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Reliability-Driven ECC Allocation for Multiple Bit Error Resilience in Processor Cache

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4 Author(s)
Somnath Paul ; Case Western Reserve University, Cleveland ; Fang Cai ; Xinmiao Zhang ; Swarup Bhunia

With increasing parameter variations in nanometer technologies, on-chip cache in processor is becoming highly vulnerable to runtime failures induced by “soft error,” voltage, or thermal noise and aging effects. Nondeterministic and unreliable memory operation due to these runtime failures can be addressed by: 1) designing the memory for worst-case scenarios and/or 2) runtime error detection and correction. Worst-case guard-banding can lead to overly pessimistic results for cell footprint and power. On the other hand, conventional error correcting code (ECC) used in processor cache has very limited correction capability, making it insufficient to protect memory in scaled technologies (sub-45 nm), which are vulnerable to multiple-bit failures in a word (64-bit). The requirement to tolerate multibit failures is accentuated with supply voltage scaling for low-power operation. We note that due to inter and intra-die parameter variations, different memory blocks move to different reliability corners. A uniform ECC protection for all memory blocks fails to account for the distribution of vulnerability across memory blocks. On the other hand, it can lead to overly pessimistic results if the worst-case vulnerability of a memory block is accounted for during ECC allocation. In this paper, we propose a reliability-driven ECC allocation scheme that matches the relative vulnerability of a memory block (determined using postfabrication characterization) with appropriate ECC protection. We achieve postfabrication variable ECC allocation by storing the check bits in the “ways” of an associative cache. We use shortened Bose-Chaudhuri-Hocquenghem (BCH) cyclic code with zero padding, which provides high random error correction capability with modest amount of check bits. Moreover, we propose efficient circuit/architecture-level optimizations of the ECC encoding/decoding logic to minimize the impact on area, performance, and energy. Simulation results fo- - r SPEC2000 benchmarks show that such a variable ECC scheme tolerates high failure rates with negligible performance (four percent) and area (0.2 percent) penalty.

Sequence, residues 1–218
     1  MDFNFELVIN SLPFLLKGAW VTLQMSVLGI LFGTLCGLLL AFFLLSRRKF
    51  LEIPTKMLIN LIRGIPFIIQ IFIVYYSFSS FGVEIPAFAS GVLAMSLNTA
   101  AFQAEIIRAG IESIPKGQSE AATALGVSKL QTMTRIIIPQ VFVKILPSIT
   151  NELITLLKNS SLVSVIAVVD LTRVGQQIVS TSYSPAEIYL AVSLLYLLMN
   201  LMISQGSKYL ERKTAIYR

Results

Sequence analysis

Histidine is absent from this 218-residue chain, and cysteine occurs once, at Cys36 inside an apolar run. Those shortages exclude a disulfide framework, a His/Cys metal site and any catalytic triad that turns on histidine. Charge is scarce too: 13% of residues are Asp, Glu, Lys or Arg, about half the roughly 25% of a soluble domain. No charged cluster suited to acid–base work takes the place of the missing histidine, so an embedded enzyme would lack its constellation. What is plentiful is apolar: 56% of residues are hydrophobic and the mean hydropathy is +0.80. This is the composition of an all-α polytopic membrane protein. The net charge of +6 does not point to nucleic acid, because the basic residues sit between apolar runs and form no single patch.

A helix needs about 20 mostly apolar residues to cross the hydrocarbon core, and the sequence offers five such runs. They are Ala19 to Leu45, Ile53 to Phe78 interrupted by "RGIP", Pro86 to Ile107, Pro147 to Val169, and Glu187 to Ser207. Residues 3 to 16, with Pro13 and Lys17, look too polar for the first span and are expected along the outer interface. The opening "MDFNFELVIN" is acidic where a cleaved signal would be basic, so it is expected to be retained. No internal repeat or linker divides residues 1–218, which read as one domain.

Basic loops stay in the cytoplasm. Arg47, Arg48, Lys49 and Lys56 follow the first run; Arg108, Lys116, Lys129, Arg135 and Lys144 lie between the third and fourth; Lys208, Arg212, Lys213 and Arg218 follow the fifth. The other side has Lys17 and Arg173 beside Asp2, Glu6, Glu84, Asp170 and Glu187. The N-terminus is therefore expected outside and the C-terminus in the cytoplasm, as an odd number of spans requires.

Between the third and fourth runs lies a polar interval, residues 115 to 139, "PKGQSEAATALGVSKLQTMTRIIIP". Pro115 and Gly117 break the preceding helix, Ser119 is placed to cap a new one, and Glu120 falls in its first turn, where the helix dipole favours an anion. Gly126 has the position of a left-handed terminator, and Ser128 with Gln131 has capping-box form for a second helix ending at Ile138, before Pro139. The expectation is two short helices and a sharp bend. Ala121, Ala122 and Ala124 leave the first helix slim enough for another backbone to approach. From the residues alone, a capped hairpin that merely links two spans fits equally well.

Published in:

IEEE Transactions on Computers  (Volume:60 ,  Issue: 1 )